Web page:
She had a two year old wrapped around her leg, holding on for dear life, while she bounced her crying newborn in her arms as we talked.
“What’s new with Mercy House? Oh and the refugee women in Houston?” I noted the longing in her voice. I started to answer and she whispered wistfully, barely audible over newborn noises, “I’m jealous of your life.”
I almost laughed off the comment–because my day had consisted of a crammed “to do” list, computer issues, a rushed meeting, dragging boxes to the car to mail, two dramatic daughters, several carlines and a tension headache.
My life is hardly worth being envious of….
But I knew she wasn’t talking about my day.
She was referring to my season in life.
And in a blink, I was the one standing in the kitchen of an older friend with a strong-willed two year old and a nursing baby, longing for my days to matter.
Dreaming of doing something big for God or at least getting enough sleep so I could dream. Or actually sleep.
I took her baby and patted his back, “Right now, your days are long. But the years are short. What you are doing-the burping, the diapering, the chasing, these days matter. Love is not waisted. Loving your babies is the most important thing you can do right now.”
I suggested a few things she could do from home (and directed her to this book) and offered a few ideas for her to help me out if she wanted to and she seemed excited.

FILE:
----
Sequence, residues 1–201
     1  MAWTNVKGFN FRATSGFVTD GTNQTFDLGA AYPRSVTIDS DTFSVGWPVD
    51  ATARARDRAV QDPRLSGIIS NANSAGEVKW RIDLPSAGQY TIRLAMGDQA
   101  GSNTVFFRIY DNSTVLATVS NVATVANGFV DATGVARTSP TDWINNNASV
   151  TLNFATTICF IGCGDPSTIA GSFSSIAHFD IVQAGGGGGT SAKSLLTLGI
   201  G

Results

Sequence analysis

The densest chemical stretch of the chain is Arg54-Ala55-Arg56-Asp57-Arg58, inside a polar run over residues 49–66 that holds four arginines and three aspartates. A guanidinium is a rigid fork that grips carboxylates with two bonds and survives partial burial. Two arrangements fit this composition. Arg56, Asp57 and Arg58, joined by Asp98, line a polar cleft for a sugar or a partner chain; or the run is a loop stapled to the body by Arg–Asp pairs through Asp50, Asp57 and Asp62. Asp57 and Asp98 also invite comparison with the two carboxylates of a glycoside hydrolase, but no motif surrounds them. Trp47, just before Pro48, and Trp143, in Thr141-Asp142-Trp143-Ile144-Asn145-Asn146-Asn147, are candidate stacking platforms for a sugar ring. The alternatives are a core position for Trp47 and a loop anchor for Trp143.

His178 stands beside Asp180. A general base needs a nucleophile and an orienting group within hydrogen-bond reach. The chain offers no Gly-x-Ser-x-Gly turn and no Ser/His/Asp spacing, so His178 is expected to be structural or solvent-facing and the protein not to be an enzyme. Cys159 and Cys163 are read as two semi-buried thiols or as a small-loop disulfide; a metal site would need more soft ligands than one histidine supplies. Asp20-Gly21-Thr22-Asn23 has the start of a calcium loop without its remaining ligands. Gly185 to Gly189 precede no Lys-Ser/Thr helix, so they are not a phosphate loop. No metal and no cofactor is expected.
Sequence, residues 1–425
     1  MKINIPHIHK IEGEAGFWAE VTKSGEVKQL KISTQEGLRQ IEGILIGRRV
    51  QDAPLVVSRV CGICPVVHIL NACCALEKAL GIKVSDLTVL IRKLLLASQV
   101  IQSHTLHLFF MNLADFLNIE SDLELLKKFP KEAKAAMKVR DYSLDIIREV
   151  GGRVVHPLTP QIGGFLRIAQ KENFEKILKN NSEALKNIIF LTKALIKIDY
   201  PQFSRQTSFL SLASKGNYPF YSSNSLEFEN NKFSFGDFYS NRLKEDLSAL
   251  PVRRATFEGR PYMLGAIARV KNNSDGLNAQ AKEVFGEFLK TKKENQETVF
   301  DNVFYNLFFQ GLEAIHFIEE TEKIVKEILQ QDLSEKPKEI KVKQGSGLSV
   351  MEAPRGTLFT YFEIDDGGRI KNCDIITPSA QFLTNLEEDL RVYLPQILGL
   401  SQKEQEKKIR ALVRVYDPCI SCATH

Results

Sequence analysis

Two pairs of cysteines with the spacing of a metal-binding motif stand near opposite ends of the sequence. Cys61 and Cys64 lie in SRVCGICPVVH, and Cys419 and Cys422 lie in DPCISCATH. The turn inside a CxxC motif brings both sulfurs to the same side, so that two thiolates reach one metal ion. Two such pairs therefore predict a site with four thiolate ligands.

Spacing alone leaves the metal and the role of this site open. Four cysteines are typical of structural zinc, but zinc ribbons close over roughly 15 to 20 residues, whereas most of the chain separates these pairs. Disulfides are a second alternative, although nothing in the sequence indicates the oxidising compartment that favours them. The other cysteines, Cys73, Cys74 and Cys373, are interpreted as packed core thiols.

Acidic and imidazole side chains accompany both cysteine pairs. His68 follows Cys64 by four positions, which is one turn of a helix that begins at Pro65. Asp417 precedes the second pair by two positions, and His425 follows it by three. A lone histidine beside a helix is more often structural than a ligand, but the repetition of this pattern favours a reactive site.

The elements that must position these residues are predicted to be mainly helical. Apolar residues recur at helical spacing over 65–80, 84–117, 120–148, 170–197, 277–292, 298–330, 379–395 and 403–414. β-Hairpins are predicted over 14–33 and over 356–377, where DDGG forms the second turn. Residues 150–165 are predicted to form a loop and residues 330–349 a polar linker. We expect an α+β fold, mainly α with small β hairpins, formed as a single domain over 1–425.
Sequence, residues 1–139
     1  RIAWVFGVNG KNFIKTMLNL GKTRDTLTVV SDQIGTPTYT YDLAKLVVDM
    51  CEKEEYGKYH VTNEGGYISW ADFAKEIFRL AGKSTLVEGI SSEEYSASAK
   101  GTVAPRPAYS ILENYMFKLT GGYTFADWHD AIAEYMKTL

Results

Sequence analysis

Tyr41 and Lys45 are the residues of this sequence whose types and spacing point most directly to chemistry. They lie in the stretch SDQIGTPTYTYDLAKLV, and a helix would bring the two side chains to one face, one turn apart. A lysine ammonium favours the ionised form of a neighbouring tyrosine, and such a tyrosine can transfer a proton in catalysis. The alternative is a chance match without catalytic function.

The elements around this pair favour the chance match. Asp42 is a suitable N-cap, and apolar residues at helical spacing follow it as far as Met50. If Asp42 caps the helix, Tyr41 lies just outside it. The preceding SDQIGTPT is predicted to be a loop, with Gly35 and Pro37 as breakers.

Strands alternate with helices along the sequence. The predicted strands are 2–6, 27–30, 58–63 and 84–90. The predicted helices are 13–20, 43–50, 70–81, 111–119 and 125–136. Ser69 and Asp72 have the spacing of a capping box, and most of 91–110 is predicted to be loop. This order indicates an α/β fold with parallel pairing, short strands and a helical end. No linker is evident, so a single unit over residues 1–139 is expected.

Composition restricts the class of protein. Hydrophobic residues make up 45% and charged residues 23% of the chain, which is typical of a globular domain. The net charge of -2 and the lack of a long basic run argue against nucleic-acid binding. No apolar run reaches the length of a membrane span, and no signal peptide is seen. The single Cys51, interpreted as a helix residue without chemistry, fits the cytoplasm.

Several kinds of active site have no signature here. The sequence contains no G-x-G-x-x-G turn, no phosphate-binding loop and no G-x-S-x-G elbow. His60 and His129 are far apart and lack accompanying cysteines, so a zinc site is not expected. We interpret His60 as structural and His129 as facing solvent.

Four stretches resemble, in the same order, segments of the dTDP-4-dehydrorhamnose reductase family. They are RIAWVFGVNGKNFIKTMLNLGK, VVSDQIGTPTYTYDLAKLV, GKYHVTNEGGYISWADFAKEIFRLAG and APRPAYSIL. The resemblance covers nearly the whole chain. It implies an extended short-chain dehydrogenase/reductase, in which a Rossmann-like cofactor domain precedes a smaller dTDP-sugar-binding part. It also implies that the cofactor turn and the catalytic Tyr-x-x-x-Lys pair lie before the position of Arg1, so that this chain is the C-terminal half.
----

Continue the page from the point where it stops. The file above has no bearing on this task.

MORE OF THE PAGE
But sometimes the best way to serve is to know our season.
And recognize its value.
This isn’t to say moms of littles can’t serve. But first you need to recognize being a mom of small ones is service. Service is never small.
Because you are the only one who can do it.
We often long to do more because we don’t believe what we do matters.
I love talking to others about saying yes. But we need to say it right where we are.
Maybe changing diapers is how God wants you to change the world right now.
I have more time to serve. My season allows it. But instead of having littles wrapped around me, depending on my body, I have kids who lean on me for a shoulder to cry on. And instead of sneaking out to Target when my babies were all asleep by 7pm like I used to, I’m up until 10pm listening to heartaches and headaches that tweens and teens often carry.
This is my season.
But just like winter blossoms into spring, seasons of motherhood change too. Sometimes they blow in like a storm or break the ground like a pastel miracle, new seasons are always coming.
So, don’t wish this time away. Embrace it. Enjoy it. Recognize it as your yes for now.
Because tomorrow the winds may change and you’ll have an opportunity to step out in a new way.
This just might be the most important thing you can do today.